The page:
2.4       Isotope dilution

 

Isotope dilution is generally agreed to be the supreme analytical method for very accurate concentration determinations. In this technique, a sample containing an element of natural isotopic composition is mixed with a ‘spike’ solution, which contains a known concentration of the element, artificially enriched in one of its isotopes. When known quantities of the two solutions are mixed, the resulting isotopic composition (measured by mass spectrometry) can be used to calculate the concentration of the element in the sample solution. The element in question must normally have two or more naturally occurring isotopes, one of which can be enriched on a mass separator. However, in some cases a long-lived artificial isotope is used.

 

 

2.4.1 Analysis technique

 

            Before use, the isotopic composition of a ‘spike’ must be accurately determined by mass spectrometry. This measurement cannot be normalized for fractionation, because there is no ‘known’ ratio to use as a fractionation monitor. Therefore, several long runs are generally made, from which the average midpoint of the run is taken to be the actual spike composition. The concentration of the spike is generally determined by isotope dilution against standard solutions (of natural isotopic composition) whose concentrations are themselves calculated gravimetrically. Metal oxides are generally weighed out, but if these are hygroscopic (e.g. Nd2O3) then accurate weighing requires part of a metal ingot.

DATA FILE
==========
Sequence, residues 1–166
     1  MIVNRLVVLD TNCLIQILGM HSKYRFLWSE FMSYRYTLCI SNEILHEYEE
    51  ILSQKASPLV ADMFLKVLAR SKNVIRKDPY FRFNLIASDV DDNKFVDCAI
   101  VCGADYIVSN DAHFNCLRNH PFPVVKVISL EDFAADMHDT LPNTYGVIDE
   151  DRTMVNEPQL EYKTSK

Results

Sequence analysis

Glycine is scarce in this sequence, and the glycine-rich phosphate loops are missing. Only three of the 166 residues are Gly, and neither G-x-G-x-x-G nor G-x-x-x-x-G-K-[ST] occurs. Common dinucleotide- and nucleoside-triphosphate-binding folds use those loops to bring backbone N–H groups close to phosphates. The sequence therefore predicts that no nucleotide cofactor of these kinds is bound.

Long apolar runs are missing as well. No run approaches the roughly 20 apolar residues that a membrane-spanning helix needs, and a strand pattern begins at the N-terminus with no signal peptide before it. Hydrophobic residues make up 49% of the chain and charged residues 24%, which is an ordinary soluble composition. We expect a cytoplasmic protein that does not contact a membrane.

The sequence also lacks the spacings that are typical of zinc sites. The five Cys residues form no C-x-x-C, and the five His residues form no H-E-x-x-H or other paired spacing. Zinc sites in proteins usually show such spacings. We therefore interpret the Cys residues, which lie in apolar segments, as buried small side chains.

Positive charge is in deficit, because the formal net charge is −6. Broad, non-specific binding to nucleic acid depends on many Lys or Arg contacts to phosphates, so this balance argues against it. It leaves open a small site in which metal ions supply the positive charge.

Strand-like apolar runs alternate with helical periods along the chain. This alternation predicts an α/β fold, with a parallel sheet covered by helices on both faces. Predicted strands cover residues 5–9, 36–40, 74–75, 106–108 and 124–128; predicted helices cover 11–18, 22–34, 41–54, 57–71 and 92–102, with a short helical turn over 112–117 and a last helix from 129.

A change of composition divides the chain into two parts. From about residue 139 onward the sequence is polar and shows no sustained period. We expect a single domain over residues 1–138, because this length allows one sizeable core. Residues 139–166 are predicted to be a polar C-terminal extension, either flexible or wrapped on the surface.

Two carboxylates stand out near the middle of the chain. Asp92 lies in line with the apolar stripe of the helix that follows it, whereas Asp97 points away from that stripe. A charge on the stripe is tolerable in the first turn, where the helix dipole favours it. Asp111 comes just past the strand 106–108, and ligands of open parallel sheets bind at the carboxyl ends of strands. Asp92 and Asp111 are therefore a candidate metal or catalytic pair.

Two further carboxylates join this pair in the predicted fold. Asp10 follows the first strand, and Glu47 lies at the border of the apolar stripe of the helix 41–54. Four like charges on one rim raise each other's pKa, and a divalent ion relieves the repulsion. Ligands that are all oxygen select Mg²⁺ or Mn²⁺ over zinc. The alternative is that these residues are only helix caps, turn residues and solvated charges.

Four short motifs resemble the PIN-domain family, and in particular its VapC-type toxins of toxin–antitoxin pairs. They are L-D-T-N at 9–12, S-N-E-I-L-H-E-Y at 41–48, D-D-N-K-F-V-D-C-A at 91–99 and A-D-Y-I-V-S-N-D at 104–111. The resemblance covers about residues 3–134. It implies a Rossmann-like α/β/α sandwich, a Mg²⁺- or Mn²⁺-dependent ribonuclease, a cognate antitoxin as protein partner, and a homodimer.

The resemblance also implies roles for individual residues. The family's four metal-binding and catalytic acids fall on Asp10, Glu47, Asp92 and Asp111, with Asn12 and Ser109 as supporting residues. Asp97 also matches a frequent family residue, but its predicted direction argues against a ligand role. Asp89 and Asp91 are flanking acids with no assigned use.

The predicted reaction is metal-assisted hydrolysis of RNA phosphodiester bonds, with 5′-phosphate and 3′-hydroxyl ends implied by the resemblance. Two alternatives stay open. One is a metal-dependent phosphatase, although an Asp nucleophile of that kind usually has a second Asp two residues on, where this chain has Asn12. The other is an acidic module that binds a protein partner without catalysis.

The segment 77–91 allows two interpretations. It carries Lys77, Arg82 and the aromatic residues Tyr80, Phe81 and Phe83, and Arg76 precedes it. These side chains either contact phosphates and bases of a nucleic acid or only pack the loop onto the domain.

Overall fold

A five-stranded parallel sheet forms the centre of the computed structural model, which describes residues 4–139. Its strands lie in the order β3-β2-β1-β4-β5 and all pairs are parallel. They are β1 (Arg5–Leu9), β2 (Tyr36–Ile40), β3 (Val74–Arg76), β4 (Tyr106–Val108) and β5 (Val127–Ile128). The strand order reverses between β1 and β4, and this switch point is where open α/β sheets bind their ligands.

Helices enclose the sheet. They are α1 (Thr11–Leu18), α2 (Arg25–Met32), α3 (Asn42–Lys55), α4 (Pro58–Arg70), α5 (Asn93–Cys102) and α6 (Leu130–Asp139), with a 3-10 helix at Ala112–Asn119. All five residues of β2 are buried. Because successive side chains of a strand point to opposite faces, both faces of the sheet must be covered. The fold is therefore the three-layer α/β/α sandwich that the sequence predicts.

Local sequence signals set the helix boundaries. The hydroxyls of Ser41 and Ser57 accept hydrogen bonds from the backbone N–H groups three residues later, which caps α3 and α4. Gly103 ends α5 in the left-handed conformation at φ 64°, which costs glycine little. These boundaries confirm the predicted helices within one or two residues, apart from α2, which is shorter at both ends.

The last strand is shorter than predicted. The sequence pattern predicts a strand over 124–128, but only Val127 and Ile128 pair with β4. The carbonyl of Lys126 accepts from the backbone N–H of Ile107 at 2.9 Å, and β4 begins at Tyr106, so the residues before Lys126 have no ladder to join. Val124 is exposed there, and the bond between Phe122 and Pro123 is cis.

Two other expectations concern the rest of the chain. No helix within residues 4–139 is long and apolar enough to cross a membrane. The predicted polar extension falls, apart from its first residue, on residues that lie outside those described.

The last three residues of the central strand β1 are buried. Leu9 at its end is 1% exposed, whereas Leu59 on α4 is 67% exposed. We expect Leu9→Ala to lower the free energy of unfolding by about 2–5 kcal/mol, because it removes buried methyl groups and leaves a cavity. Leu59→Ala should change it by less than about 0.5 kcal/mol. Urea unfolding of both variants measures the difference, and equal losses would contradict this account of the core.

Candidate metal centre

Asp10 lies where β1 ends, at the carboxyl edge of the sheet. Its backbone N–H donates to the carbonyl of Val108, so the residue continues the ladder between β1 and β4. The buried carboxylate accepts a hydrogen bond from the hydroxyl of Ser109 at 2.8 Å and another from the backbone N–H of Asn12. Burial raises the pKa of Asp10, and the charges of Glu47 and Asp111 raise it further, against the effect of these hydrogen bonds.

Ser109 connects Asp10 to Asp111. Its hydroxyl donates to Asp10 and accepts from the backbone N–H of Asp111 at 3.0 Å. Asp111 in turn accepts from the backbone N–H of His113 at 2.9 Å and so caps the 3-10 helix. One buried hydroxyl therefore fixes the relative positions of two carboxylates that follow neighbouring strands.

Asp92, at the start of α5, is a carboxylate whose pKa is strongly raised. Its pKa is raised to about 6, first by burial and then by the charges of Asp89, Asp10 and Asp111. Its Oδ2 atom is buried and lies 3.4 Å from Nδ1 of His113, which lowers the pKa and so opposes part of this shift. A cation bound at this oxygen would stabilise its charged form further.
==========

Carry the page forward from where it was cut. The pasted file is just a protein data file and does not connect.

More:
A simple example of isotope dilution analysis is the determination of Rb concentration for the Rb)Sr dating method. Typical mass spectra of natural, spike, and mixed solutions are shown in Fig. 2.21.

Fig. 2.21. Summation of spike (hatched) and natural ion beams to generate aggregate mixed peaks, as illustrated by rubidium isotope dilution.

 

            In the mixture, each isotope peak is the sum of spike (S) and natural (N) material. Hence,

 

    87Rb                         moles 87N + moles 87S

    )))   =  R  =           )))))))))))))))                                   [2.6]

    85Rb                         moles 85N + moles 85S

 

But the number of moles of an isotope is equal to the number of moles of the element as a whole, multiplied by the isotopic abundance. If the total number of moles of natural and spike Rb are represented by MN and MS, then:

                          MN @ %87N   +   MS @ %87S

                R   =    )))))))))))))))))                                      [2.7]

                          MN @ %85N   +   MS @ %85S

 

where percentages indicate the isotopic abundances in the spike and natural solutions. This equation is rearranged in the following steps:

 

    R ( MN @ %85N  +  MS @ %85S )  = MN @ %87N  +  MS @ %87S

 

    R @ MN @ %85N  +  R @ MS @ %85S  = MN @ %87N  +  MS @ %87S

 

    R @ MN @ %85N  !  MN @ %87N  =  MS @ %87S  !  R @ MS @ %85S

 

    MN ( R @ %85N  !  %87N )  =  MS ( %87S  !  R @ %85S )

 

                                     ( %87S    !  R @ %85S )

    MN    =    MS  @         )))))))))))))))                                  [2.8]

                                     ( R @ %85N   !   %87N )

 

If we insert figures for the isotopic abundance of natural Rb, and the isotopic abundance of a typical spike, such that 27.83/72.17 is the natural 87Rb/85Rb ratio, and 99.4/0.6 is the spike 87Rb/85Rb ratio, then the number of moles of the natural Rb is given by: